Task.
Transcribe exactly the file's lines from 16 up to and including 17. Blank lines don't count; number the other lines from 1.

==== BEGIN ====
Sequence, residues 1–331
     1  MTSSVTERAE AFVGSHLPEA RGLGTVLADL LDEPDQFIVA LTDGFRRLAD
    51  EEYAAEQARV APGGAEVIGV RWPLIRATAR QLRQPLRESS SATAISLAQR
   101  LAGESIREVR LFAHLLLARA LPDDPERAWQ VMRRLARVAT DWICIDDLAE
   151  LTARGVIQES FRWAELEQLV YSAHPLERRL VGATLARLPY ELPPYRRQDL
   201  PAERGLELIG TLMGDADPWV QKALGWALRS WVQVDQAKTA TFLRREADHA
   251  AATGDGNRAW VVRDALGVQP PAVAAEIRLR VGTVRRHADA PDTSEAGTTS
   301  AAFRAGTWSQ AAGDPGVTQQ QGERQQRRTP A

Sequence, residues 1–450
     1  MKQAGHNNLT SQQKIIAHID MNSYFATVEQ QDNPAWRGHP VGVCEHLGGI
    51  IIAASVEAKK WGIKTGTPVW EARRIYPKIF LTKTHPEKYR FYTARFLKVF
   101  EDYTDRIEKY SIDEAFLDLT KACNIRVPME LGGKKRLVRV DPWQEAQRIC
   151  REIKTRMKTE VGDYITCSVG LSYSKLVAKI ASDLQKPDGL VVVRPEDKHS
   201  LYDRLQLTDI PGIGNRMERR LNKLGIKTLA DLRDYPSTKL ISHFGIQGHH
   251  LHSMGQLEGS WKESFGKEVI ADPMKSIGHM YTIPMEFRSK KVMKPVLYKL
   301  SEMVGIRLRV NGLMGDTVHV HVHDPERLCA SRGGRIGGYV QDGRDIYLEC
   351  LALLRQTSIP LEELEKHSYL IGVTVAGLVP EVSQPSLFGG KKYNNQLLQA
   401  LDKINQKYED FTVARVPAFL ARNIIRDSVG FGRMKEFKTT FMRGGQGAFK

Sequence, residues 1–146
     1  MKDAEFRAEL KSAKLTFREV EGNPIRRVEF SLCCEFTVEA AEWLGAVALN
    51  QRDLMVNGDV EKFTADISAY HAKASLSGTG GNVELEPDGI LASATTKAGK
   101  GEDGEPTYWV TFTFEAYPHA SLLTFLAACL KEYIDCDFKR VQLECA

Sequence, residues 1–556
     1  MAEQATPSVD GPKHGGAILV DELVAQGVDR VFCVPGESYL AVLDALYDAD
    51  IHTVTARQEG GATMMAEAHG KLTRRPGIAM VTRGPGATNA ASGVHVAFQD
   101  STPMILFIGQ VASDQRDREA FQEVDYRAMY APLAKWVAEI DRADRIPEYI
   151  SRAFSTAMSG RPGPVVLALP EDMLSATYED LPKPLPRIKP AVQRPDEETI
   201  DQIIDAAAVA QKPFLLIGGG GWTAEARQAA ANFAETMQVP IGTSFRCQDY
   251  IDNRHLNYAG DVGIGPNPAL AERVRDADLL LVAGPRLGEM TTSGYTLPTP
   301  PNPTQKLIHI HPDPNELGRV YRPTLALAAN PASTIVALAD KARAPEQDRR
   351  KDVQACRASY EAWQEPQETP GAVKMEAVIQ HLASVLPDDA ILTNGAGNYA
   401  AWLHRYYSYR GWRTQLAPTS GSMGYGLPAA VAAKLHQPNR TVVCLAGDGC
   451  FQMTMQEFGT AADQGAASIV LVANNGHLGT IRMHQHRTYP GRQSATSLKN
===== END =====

   301  SEMVGIRLRV NGLMGDTVHV HVHDPERLCA SRGGRIGGYV QDGRDIYLEC
   351  LALLRQTSIP LEELEKHSYL IGVTVAGLVP EVSQPSLFGG KKYNNQLLQA